gemba-walk

What is a Gemba Walk? Gemba Walk In A Nutshell

A Gemba Walk is a fundamental component of lean management. It describes the personal observation of work to learn more about it. Gemba is a Japanese word that loosely translates as “the real place”, or in business, “the place where value is created”. The Gemba Walk as a concept was created by Taiichi Ohno, the father of the Toyota Production System of lean manufacturing. Ohno wanted to encourage management executives to leave their offices and see where the real work happened. This, he hoped, would build relationships between employees with vastly different skillsets and build trust.

Understanding a Gemba Walk

The exact physical place will vary from industry to industry. For a jazz band, value is created in the recording studio. For a pilot training school, value is created in the classroom and the aircraft.

The three important elements of a Gemba Walk

Each Gemba walk must respect three important elements:

  1. Go and see. Management executives from every level of the hierarchy are encouraged to take regular tours of Gemba locations and be involved in finding wasteful activities.
  2. Ask why. A good leader must ask the right questions and also be a good listener. They must be able to liaise with workers to explore the value stream and locate problematic components.
  3. Respect people. It’s important to note that a Gemba Walk is not a “boss walk” – which often involves direct criticism of the way an employee works. Executives must focus on collaboratively identifying the weak spots of processes and not the weak spots of people. 

Seven steps for a successful Gemba Walk

A Gemba Walk may seem like somewhat of an unstructured process, but a basic framework should be used depending on particular goals and objectives.

Let’s now define each of the seven steps:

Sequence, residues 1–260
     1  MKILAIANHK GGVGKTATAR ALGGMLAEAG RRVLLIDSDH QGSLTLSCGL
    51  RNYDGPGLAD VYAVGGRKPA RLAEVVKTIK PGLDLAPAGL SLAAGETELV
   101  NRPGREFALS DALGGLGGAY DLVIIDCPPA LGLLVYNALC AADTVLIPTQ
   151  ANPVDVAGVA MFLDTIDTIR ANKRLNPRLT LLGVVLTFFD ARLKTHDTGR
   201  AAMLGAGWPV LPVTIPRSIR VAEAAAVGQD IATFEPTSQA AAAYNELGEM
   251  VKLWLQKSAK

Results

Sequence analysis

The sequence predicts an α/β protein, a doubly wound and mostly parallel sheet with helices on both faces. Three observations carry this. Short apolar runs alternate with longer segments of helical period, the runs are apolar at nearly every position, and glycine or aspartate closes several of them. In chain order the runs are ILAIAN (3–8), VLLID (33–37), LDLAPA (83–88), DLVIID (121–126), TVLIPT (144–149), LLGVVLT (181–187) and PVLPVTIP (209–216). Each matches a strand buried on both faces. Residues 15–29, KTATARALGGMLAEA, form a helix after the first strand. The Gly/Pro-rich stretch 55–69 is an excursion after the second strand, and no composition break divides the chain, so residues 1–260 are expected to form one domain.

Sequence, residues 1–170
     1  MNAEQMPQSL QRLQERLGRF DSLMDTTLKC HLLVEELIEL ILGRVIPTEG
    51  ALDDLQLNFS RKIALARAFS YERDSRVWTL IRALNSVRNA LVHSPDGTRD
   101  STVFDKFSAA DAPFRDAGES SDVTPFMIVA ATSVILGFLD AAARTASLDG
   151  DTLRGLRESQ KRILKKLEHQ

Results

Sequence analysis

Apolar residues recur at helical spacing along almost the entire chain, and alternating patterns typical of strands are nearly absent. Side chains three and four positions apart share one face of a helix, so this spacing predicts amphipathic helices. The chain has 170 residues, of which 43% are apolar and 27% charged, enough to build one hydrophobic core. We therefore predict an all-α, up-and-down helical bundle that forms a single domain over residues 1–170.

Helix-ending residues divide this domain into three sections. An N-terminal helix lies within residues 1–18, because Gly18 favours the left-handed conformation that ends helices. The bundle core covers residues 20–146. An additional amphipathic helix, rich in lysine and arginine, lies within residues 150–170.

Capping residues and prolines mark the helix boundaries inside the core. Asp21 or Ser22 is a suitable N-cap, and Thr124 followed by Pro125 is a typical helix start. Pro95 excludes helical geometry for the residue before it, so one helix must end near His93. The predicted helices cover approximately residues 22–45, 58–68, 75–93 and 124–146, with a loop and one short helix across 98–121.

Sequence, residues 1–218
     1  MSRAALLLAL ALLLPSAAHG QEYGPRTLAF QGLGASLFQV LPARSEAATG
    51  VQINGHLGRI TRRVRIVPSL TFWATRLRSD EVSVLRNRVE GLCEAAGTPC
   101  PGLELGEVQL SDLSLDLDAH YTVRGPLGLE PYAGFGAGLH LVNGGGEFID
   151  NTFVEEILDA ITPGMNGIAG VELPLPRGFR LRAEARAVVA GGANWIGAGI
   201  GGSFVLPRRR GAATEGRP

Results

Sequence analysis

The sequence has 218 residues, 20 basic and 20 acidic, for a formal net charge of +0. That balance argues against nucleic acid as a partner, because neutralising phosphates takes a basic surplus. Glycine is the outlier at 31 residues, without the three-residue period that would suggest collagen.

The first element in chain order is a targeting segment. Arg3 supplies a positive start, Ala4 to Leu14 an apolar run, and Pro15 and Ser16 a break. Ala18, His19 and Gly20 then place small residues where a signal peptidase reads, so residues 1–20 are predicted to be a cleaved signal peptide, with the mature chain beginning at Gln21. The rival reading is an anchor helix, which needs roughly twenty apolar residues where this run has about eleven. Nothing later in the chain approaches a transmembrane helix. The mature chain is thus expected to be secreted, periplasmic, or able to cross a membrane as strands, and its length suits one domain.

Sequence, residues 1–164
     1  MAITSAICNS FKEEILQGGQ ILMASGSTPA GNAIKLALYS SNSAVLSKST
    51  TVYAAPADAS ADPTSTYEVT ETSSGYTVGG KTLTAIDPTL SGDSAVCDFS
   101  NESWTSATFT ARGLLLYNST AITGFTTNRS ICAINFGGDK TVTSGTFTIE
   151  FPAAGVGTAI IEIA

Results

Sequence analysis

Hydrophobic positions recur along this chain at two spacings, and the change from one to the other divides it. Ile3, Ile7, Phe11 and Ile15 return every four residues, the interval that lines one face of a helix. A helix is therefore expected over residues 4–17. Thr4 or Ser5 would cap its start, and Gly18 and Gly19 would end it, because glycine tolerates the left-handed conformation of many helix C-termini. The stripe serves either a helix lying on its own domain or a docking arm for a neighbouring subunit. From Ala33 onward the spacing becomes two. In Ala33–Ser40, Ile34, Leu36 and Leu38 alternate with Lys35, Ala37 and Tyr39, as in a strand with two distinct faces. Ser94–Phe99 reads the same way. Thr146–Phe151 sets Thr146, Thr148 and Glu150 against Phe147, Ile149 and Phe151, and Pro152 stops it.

1. Pick a theme – where will the effort be focused? Common themes include safety, efficiency, and productivity. With a theme identified, executives should create a list of thematic questions.
  2. Prepare the team – the individuals who will be consulted must be made aware that a Gemba Walk will be occurring ahead of time. Importantly, they should be reassured that it is a continuous improvement opportunity and not an evaluation of their personal performance.
  3. Focus on the process – as noted, the main purpose of a Gemba Walk is to observe, understand, and improve processes. 
  4. Follow the value stream – the biggest process improvements are often found during handoffs between processes, departments, or people. It is also beneficial to invite the employees to suggest other possible improvements.
  5. Record observations – either with pen or paper or digitally. Resist the temptation to make suggestions during the walk itself – no matter how obvious solutions may appear. Improvement should be analyzed later with a fact-based problem-solving tool such as the PDCA cycle.
  6. An extra pair of eyes – where possible, involve a colleague from another department to take part in the Gemba Walk. Those who are less familiar with the process may have a fresh perspective on any improvements to be made.
  7. Follow-up – Gemba Walk insights must be shared with participants, irrespective of the significance of process improvements. If improvements have been identified, give notice to the relevant employees and involve them in process changes. Good communication is vital. This helps avoid a scenario where employees believe that management is using Gemba Walks to interfere or criticize.

Gemba Walk checklist questions

While managers need to be good listeners and ask questions as issues arise, it can also be a good idea to prepare some topics of discussion before visiting the worksite.